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The Supreme Court and
it's recent Habeas Corpus ruling

Program length - 7:31


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 Did the Supreme Court Just Gut Habeas Rights?

By Adam Serwer
Mother Jones

In the 2008 case Boumediene v. Bush, the Supreme Court ruled detainees at Gitmo could challenge their detention in US courts. That decision was seen as effectively ending the Bush administration's attempt to carve out a legal black hole for suspected terror detainees. Shortly thereafter, Gitmo detainees began appealing their detentions - and frequently winning in court. But in the years since the decision, conservative judges on the DC Circuit have interpreted the law in a way that assumes many of the government's claims are true and don't have to be proven in court. By not taking any of these cases, the Supreme Court has ensured these stricter rules will prevail. Civil-libertarian groups say that essentially leaves detainees at Gitmo with habeas rights in name only, since the rules make it virtually impossible for detainees to win in court. A Seton Hall University School of Law report from May found that, prior to the DC Circuit's reinterpretation of the rules, detainees won 56 percent of cases. Afterwards, they won 8 percent.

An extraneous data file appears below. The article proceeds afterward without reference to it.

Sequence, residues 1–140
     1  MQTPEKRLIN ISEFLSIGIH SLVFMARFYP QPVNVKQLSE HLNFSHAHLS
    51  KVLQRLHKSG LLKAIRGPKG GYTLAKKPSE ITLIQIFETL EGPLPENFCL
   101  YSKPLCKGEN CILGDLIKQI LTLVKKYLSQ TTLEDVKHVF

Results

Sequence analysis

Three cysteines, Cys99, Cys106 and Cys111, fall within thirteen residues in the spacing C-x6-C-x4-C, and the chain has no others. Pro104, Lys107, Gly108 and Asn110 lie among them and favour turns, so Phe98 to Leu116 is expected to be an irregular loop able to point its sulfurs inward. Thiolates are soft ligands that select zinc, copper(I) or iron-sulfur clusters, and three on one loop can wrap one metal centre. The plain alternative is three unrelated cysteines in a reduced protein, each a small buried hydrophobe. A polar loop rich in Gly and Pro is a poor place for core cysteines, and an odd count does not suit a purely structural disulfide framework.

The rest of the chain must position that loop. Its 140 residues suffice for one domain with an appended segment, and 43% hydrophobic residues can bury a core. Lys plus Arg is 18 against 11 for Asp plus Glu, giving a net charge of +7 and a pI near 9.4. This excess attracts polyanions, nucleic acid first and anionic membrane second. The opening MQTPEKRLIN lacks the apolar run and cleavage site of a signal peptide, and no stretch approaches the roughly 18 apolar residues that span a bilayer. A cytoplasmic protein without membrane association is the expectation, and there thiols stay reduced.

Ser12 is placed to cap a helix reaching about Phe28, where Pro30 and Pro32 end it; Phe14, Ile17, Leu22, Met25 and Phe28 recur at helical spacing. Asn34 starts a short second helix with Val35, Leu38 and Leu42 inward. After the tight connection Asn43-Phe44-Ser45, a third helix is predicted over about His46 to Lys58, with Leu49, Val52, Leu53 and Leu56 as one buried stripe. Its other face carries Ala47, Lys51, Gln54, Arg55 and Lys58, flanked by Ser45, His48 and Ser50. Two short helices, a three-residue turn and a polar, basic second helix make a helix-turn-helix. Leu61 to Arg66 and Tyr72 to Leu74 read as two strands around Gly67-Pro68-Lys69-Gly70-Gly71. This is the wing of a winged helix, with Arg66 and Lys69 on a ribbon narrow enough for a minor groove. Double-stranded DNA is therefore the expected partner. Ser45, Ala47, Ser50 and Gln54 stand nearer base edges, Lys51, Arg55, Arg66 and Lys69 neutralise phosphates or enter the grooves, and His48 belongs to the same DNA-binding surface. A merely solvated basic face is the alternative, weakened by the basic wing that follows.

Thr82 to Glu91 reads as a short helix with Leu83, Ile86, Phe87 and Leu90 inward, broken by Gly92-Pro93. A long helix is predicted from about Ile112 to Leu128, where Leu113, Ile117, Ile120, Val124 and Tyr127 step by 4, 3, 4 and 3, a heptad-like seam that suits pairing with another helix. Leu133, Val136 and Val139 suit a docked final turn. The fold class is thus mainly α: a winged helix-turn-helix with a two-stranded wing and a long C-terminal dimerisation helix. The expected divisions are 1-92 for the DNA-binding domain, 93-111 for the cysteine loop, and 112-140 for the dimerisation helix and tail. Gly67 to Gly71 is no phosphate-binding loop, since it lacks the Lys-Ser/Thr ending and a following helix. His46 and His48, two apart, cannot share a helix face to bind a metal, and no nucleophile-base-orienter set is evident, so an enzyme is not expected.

(...) Gitmo detainees have now lost virtually every avenue—other than dying in detention—for leaving the detention camp. Congress has curtailed transfers to other countries by making the restrictions on them nearly impossible to meet. Gitmo detainees can't be brought to the United States for trial in federal court. And the Supreme Court has now effectively blessed legal standards that make success in court almost impossible. There are now 169 detainees left at Gitmo, and like the facility itself, they aren't going anywhere.

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